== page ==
G.R. No. 179597, 3 February 2014
Iglesia Filipina Independiente was the owner of a parcel of land described as Lot 3653, containing an area of 31,038 square meters, situated at Ruyu (now Leonarda), Tuguegarao, Cagayan, and covered by Original Certificate of Title No. P-8698. The said lot is subdivided as follows: Lot Nos. 3653-A, 3653-B, 3653-C, and 3653-D. It then sold Lot 3653-D, with an area of 15,000 square meters, to one Bienvenido de Guzman.
Rev. Macario Ga, in his capacity as the Supreme Bishop of the plaintiff-appellee, to the defendant Bernardino Taeza, for the amount of ₱100,000.00, through installment, with mortgage to secure the payment of the balance. Subsequently, the defendant allegedly completed the payments. In 1977, a complaint for the annulment of the February 5, 1976 Deed of Sale with Mortgage was filed by the Parish Council of Tuguegarao, Cagayan, represented by Froilan Calagui and Dante Santos.
Whether then Supreme Bishop Rev. Ga is authorized to enter into a contract of sale in behalf of petitioner.
No. The sale is invalid for not being in conformity with the Canons of the church.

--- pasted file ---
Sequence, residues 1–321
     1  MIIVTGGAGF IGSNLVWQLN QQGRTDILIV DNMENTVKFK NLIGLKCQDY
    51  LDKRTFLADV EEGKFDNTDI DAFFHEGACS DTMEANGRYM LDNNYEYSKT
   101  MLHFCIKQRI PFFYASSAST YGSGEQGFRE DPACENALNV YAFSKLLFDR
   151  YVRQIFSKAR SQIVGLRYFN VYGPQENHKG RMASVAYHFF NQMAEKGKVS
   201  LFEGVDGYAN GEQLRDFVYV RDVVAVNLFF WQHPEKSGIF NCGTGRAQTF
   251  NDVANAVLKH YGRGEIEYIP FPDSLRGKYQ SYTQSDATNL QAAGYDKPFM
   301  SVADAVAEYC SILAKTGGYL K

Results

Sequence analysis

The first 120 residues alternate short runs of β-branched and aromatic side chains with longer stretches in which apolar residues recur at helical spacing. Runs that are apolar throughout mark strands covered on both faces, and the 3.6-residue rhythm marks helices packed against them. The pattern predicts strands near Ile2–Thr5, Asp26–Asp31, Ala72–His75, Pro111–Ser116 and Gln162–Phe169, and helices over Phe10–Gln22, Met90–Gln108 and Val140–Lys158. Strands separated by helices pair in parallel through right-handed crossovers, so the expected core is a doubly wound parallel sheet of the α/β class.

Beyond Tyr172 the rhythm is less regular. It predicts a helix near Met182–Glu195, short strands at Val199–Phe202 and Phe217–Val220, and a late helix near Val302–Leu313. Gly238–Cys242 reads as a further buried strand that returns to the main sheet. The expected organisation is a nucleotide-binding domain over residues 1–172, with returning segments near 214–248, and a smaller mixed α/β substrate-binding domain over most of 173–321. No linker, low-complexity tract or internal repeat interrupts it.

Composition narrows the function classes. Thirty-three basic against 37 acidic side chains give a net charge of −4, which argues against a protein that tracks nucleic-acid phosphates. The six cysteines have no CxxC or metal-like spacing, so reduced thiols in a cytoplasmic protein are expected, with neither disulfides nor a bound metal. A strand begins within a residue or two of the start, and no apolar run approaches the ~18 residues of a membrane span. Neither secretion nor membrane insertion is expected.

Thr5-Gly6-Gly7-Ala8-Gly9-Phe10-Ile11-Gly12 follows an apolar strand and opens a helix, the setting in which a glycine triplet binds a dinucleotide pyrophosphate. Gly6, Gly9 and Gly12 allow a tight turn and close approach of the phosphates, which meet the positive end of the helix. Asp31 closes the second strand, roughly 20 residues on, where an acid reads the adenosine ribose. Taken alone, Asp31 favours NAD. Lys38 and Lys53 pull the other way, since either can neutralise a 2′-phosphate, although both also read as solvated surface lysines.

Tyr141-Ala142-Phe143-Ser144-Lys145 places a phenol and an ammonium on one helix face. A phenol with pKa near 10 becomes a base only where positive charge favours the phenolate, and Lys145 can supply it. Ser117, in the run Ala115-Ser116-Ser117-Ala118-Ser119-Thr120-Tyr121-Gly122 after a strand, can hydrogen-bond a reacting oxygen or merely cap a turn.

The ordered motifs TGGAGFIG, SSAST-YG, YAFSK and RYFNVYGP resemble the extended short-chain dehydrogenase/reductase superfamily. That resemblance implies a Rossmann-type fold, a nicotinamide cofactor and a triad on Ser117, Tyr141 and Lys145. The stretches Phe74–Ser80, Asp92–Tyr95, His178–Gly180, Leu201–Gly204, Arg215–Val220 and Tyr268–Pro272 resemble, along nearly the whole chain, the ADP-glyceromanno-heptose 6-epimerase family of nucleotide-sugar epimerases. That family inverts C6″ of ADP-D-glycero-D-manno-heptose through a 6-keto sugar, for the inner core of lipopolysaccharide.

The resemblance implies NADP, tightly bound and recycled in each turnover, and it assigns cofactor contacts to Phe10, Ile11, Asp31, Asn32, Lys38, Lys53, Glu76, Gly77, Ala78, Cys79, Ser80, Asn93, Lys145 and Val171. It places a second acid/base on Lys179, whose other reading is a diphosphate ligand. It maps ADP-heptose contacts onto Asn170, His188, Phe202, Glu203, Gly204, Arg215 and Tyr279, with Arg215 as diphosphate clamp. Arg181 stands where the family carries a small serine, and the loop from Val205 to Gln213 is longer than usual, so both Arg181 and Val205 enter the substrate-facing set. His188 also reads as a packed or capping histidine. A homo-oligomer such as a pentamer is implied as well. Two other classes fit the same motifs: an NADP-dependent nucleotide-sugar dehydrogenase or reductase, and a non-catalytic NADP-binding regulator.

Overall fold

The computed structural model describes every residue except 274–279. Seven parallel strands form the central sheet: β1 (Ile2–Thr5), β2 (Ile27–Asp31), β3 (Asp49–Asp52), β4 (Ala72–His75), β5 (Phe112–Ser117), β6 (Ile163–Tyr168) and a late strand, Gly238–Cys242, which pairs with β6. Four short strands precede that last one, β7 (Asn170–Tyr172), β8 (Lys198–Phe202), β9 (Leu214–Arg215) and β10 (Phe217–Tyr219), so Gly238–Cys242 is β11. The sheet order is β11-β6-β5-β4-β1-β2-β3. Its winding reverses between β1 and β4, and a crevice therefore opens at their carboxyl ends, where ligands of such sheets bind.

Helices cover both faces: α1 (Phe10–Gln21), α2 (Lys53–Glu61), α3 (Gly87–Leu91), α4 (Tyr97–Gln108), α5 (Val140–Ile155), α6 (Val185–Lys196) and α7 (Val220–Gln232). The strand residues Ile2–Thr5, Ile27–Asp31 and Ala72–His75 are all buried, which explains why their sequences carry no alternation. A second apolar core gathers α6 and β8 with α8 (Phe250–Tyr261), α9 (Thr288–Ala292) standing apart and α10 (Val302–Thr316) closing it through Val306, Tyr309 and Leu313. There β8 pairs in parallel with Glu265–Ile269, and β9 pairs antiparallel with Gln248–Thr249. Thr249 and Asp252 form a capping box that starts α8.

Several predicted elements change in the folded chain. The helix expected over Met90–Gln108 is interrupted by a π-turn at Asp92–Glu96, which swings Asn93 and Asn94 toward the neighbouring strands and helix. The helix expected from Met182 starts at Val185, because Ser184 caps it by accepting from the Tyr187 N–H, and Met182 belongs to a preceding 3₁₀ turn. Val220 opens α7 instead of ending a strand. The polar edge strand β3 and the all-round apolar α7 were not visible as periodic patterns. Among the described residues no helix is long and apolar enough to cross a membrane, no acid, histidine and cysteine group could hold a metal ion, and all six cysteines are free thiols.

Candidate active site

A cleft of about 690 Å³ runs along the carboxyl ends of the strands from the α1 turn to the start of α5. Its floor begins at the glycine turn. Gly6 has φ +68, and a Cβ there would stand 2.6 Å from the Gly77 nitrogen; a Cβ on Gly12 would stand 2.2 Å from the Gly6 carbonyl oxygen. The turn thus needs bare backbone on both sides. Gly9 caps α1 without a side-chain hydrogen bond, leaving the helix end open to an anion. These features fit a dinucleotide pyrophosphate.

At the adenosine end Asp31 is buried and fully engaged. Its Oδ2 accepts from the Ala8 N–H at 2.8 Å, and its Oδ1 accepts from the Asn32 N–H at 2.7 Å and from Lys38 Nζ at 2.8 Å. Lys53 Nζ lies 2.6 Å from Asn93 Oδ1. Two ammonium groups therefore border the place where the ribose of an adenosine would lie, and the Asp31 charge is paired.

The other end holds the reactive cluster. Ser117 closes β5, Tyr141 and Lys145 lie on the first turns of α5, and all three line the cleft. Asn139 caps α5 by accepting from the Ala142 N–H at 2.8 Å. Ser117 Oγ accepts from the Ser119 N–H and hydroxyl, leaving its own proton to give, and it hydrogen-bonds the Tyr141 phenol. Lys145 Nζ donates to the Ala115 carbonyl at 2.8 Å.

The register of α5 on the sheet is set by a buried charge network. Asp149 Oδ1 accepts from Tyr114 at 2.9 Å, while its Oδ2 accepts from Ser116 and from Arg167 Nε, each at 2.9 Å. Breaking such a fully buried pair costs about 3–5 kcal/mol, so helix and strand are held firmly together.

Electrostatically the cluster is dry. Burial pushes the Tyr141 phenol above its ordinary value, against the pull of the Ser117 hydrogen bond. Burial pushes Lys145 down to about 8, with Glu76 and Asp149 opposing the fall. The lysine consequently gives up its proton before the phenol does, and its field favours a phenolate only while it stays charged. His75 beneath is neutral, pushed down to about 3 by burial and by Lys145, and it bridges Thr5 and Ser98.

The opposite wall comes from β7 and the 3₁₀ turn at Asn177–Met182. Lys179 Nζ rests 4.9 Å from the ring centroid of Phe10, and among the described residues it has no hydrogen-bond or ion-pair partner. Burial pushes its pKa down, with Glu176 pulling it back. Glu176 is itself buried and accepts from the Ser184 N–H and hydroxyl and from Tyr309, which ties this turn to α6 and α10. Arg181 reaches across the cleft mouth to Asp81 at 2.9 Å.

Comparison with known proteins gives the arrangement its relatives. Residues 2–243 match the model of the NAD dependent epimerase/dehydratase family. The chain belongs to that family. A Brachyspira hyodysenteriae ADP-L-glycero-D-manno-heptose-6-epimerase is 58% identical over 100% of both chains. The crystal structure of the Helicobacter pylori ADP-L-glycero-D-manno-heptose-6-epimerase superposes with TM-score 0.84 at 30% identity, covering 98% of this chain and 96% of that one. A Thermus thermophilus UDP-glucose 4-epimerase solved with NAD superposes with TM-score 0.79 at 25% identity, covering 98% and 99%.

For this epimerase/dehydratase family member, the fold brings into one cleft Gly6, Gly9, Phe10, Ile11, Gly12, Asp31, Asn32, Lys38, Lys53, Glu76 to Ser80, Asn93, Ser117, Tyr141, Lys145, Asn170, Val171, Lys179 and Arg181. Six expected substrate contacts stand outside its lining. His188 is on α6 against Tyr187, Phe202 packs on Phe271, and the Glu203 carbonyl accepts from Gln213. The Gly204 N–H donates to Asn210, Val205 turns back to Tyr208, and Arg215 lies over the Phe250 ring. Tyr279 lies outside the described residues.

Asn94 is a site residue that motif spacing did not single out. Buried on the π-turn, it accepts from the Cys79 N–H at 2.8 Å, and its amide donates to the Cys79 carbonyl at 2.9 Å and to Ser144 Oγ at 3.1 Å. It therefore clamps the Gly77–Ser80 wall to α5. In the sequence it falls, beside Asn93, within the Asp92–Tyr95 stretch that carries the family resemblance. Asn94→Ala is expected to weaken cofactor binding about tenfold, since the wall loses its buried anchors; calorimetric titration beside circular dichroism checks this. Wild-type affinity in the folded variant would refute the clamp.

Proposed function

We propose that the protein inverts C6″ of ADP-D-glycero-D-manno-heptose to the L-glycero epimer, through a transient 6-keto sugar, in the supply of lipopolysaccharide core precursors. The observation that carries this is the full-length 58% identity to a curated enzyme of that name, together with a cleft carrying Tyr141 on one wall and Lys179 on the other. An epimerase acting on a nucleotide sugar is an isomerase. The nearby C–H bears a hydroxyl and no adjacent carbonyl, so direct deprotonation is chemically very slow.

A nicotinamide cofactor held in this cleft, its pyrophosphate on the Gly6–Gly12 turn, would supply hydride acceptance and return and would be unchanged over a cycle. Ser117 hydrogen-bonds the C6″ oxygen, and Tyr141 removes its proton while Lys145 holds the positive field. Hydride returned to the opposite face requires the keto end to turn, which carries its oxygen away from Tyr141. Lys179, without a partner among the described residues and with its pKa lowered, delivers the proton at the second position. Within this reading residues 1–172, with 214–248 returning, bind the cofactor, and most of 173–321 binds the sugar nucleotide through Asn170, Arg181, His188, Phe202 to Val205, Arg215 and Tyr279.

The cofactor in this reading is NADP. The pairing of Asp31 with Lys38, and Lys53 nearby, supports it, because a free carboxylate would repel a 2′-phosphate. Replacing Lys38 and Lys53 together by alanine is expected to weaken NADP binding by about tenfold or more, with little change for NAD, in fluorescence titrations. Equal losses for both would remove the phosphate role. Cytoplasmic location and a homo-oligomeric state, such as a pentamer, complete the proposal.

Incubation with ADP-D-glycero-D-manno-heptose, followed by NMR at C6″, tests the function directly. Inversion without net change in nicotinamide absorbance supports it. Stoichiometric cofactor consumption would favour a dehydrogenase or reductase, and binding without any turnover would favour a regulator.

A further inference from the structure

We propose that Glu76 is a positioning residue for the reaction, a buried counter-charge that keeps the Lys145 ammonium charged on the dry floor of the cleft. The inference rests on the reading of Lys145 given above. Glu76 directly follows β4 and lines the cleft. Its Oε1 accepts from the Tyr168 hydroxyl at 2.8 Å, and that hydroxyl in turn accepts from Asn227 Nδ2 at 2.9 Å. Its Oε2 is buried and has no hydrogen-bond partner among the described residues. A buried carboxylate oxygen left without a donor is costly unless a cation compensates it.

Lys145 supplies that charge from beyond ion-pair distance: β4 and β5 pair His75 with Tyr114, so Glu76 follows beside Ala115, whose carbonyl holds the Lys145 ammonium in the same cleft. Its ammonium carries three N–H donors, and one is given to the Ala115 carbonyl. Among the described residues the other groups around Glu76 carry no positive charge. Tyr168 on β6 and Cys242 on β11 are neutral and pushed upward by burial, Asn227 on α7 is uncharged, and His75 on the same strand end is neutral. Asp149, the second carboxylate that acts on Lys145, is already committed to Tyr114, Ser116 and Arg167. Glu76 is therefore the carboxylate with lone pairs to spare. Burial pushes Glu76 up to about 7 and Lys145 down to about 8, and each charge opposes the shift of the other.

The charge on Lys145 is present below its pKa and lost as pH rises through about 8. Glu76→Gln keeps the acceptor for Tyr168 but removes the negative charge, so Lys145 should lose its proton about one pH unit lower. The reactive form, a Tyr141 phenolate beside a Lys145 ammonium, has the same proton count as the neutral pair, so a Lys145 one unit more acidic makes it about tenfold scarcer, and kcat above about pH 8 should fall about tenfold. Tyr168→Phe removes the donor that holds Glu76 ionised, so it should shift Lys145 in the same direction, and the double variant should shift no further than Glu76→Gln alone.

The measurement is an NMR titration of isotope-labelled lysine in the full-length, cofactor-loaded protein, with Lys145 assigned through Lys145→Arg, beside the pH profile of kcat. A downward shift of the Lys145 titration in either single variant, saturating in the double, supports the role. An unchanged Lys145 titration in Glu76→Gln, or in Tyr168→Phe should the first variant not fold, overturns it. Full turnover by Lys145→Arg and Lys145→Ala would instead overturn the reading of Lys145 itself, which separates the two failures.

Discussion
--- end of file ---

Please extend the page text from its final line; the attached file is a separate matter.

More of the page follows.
Section 113 of the Corporation Code of the Philippines provides that:
Sec. 113. Acquisition and alienation of property. – Any corporation sole may purchase and hold real estate and personal property for its church, charitable, benevolent or educational purposes, and may receive bequests or gifts for such purposes. Such corporation may mortgage or sell real property held by it upon obtaining an order for that purpose from the Court of First Instance of the province where the property is situated; x x x Provided, That in cases where the rules, regulations and discipline of the religious denomination, sect or church, religious society or order concerned represented by such corporation sole regulate the method of acquiring, holding, selling and mortgaging real estate and personal property, such rules, regulations and discipline shall control, and the intervention of the courts shall not be necessary.
The Court finds it erroneous for the CA to ignore the fact that the laymen’s committee objected to the sale of the lot in question. The Canons require that ALL the church entities listed in Article IV (a) thereof should give its approval to the transaction. Thus, when the Supreme Bishop executed the contract of sale of petitioner’s lot despite the opposition made by the laymen’s committee, he acted beyond his powers.
This case clearly falls under the category of unenforceable contracts mentioned in Article 1403, paragraph (1) of the Civil Code, which provides, thus:
Art. 1403. The following contracts are unenforceable, unless they are ratified:
(1) Those entered into in the name of another person by one who has been given no authority or legal representation, or who has acted beyond his powers;
*Case Digest by Claudette Anne G. Sayson JD IV, S.Y. 2019-2020